Then there are pet friendly hotels. Many are already known for their pet policy which, for an additional fee, can include doggie pads and treats. At some hotels there is no luxury spared. According to the Travel Channel, amenities include pet room service menus, doggie robes and towels, gourmet pet cakes, and even pet psychics. Menus feature everything from steak to caviar, foie gras, and tuna tartar. The Ritz Carlton has gotten on the bandwagon by marketing dog friendly merchandise including the Ritz Carlton signature blue doggie bed and a ceramic doggie bowl with their famous logo. The Loews Loves Pets program features a name tag at check-in and a concierge that provides pet sitting or pet walking services.
The pet friendly trend has an international dimension. Aliuromania is the first cat café in the Middle East. The café was started in Dubai by a female Saudi entrepreneur who loves cats. She first got the idea from cat cafes she heard about in South Korea. In India there is a concern to make Diwali more pet friendly. Diwali is a Hindu festival of lights. During the celebration it’s popular to have loud firecrackers which can scare dogs and make them more aggressive. Mexico has a website dedicated entirely to the dog friendly parks, hotels, and restaurants in Mexico City. Mexico developed its dog parks as part of the emphasis on becoming more environmentally conscious.
Pet friendly is not without its detractors. One hospitality manager in Australia remains firmly against the idea. According to the Brisbane Sunday Mail, the top five reasons to ban pet friendly establishments include hygiene, health and safety, asthma and allergies, food contamination, and customer comfort. However, one must consider the rules of the house. At Munchie’s Coffee House and Barkery in Hamilton, Ontario, dog customers understand they cannot bark to the point of being rude. Dogs have to be on a 6 foot non-retractable leash and accompanied by a human over the age of 16. Aggressive behavior is prohibited and dogs will not be muddy when they come in. Owners are expected to clean up after their pets.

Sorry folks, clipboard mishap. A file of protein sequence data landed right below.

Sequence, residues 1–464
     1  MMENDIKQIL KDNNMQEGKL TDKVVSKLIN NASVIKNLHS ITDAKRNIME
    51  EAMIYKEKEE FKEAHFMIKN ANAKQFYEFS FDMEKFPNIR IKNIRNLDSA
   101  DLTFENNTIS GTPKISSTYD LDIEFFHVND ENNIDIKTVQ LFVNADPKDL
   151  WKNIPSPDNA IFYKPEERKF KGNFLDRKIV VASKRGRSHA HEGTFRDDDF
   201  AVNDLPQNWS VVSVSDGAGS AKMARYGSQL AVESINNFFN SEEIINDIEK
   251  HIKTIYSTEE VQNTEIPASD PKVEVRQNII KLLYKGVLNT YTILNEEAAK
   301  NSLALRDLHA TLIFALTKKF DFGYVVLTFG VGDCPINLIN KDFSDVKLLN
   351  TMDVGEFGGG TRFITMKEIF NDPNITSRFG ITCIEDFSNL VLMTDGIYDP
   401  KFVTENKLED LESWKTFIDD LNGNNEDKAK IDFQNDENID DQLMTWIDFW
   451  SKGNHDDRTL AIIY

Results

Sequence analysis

What does the future hold for pet friendly hospitality? The Cahaba Beach Dog Park near Birmingham, Alabama may provide a clue. Cahaba Beach is a private dog park for members only that caters exclusively to the dog community. It also offers a dog-friendly venue for events including birthday parties (for dogs and humans). Also check out the Dream Dog Park project sponsored by Purina. With the understanding that dogs bring people together, the goal of this project is to bring communities together for a better world.
According to travel and tourism futurist, Dr. Ian Yeoman, the bond between humans and their pets is unbreakable. In the future we are likely to see new and innovative forms of pet hospitality including pet weddings. Whether it’s pet edibles, luxury pet resorts, pet amusement parks, pet massages, or pet cruises, the future holds many exciting pet ideas for every sector of the hospitality industry.
Is pet friendly in your hospitality future?